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May/Jun 2009 Issue of EBJ

Second Time's a Charm by Corey Jacobsen

Second Time's a Charm

Corey Jacobsen

The drive from Arizona back to Idaho in 2005 was particularly long and bittersweet. We were still six hours from home, and as the daylight faded, I couldn’t help but wonder if I had squandered my only legitimate chance of killing a true trophy bull elk. We were extremely fortunate to have drawn three coveted archery elk tags.

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High Altitude Archery

David Long

I felt a sense of relief as I peeked over the edge of the rimrock cliff and saw that the lone buck was still lying comfortably in his bed. He was perched on a long, narrow bench at 12,000 feet, contently overlooking the large alpine basin below him. His velvet covered antlers protruded well above the stunted willows on this cold and wet September day. Thankfully, the rain and snow mix that had been falling all morning had kept the buck bedded during our entire three-hour stalk.

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September Dream

David Day

The lowest visible elk in the drainage was a big bull. Bedded in the open grassy bottom, he gazed down drainage and my way. He was almost motionless, giving me only a straight-on angle, but that was the only view I needed. This bull had every characteristic a hunter dreams of: A wide six-point rack, long royals, heavy dark beams, and ivory tips. It had been a few years since I'd hunted a bull of this caliber.

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High Noon Encounter

Paul Navarre

From my high vantage point, I couldn’t see a single field of corn, sorghum, alfalfa, wheat, or beans - not even a food plot - and I doubted that any of these conditions existed within hundreds of miles. What vegetation I could identify was cat’s claw brush, mesquite trees, barrel and prickly pear cactus, various grasses, and other forms of thorn brush. It seemed like a strange environment to hunt whitetails.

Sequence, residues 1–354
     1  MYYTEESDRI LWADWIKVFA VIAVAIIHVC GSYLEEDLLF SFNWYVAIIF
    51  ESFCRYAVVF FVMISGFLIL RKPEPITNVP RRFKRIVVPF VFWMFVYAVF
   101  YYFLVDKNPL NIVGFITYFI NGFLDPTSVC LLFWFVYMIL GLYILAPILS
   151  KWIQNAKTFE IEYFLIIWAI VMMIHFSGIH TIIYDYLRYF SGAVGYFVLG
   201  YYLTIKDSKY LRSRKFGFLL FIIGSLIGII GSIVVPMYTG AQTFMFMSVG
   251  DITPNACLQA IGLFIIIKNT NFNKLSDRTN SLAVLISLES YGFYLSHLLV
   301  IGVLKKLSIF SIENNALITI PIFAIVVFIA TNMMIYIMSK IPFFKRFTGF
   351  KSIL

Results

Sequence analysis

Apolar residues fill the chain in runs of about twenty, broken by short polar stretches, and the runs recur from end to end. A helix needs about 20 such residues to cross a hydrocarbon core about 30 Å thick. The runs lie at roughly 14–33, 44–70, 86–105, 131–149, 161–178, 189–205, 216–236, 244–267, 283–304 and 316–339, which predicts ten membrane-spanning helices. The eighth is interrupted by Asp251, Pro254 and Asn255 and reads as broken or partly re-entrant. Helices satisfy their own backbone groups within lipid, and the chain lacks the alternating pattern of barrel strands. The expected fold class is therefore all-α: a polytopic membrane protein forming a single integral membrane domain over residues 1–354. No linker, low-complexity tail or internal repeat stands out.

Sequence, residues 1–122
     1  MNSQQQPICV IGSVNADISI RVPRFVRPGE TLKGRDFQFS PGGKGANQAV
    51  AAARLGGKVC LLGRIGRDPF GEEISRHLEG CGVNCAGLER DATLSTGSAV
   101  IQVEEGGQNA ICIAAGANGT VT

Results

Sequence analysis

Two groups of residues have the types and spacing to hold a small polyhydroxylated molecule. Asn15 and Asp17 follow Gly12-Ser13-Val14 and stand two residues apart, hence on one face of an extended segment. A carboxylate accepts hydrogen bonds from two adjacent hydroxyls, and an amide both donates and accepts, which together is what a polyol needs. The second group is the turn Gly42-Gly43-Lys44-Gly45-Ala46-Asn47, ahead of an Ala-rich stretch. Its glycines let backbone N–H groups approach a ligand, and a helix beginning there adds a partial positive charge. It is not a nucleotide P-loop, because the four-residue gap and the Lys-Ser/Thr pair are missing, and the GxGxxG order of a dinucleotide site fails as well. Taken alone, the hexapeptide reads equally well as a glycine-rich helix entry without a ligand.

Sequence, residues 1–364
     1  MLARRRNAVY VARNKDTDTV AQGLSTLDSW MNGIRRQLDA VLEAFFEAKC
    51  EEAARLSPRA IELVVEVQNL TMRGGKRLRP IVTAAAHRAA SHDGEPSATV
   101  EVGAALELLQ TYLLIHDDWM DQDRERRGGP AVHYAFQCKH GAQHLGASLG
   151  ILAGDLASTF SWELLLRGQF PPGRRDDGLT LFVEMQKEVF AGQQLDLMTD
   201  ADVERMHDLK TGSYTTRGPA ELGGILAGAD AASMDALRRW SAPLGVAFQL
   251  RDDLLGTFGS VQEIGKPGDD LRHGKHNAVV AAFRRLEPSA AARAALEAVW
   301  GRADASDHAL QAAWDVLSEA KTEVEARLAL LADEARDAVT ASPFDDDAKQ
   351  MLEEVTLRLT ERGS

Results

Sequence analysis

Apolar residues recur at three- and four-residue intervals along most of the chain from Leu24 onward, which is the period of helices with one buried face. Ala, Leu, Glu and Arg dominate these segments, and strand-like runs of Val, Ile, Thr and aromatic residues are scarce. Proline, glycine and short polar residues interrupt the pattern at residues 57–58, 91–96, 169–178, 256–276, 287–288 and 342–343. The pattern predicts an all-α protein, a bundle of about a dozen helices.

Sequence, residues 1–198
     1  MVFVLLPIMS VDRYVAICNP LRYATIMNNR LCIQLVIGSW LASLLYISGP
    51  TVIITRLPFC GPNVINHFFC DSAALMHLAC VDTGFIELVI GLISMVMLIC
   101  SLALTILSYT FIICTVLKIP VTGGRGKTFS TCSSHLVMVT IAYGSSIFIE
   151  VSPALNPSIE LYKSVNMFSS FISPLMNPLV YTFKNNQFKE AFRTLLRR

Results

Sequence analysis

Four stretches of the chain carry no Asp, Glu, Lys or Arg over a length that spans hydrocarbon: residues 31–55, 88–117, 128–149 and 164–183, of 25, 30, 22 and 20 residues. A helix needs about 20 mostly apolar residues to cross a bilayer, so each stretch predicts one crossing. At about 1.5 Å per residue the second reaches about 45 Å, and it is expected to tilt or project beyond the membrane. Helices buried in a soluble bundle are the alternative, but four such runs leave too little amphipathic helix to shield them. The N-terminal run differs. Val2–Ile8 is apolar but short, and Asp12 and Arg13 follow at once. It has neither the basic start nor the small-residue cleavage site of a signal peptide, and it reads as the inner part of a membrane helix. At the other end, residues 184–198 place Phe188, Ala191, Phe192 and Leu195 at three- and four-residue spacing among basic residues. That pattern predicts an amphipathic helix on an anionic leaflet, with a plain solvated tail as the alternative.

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A Father, a Son, and a Year to Remember

Kelley Mingus

As I looked at my son, a beautiful trophy mountain goat, and the majestic mountains, a sense of contentment and happiness came over me like I’ve never known. I had just successfully completed one of my biggest bowhunting challenges, and my son had been with me every step of the way. Although we had a tremendous amount of work ahead, I made sure to enjoy the moment, as well as the last few months.

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Good Luck, Flatlanders!

Scott Engel

Our trip started out the same way most elk hunting trips start for a group of flatlanders with no experience chasing wapiti. It was a faint dream that began with a thought along the lines of, "Wouldn’t it be great if..."

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August in Alaska

Jason Boyer

August in Alaska means many things - return of the salmon, fair weather, and most importantly, the start of several hunting seasons. In 17 days, I would be in the Wrangells chasing Dall’s sheep. Normally I would be done hunting sheep this late into August, but due to the limited availability of flight charters, I was forced to book the second hunt into my area. There was a benefit, though; I was able to put together an archery alpine hunt for Sitka blacktail.

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Appeasing the Gods

Jeff Young

Wild onion and salami-stuffed tenderloin sizzling atop a flat rock over a juniper-fueled fire; bivy sacks spread upon deer beds; a million stars over a cold Nevada sky; a trusted friend. Hunting - or life - rarely gets better than this.

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Quest for a Utah Giant

Dale Osborn

Early April 2008 found me shooting a Diamond Liberty and preparing for the 2008 archery season, which was still over four months away. "Give her a second chance," my son joked about the bow I had just bought from him.

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Ask Eastmans Q&A

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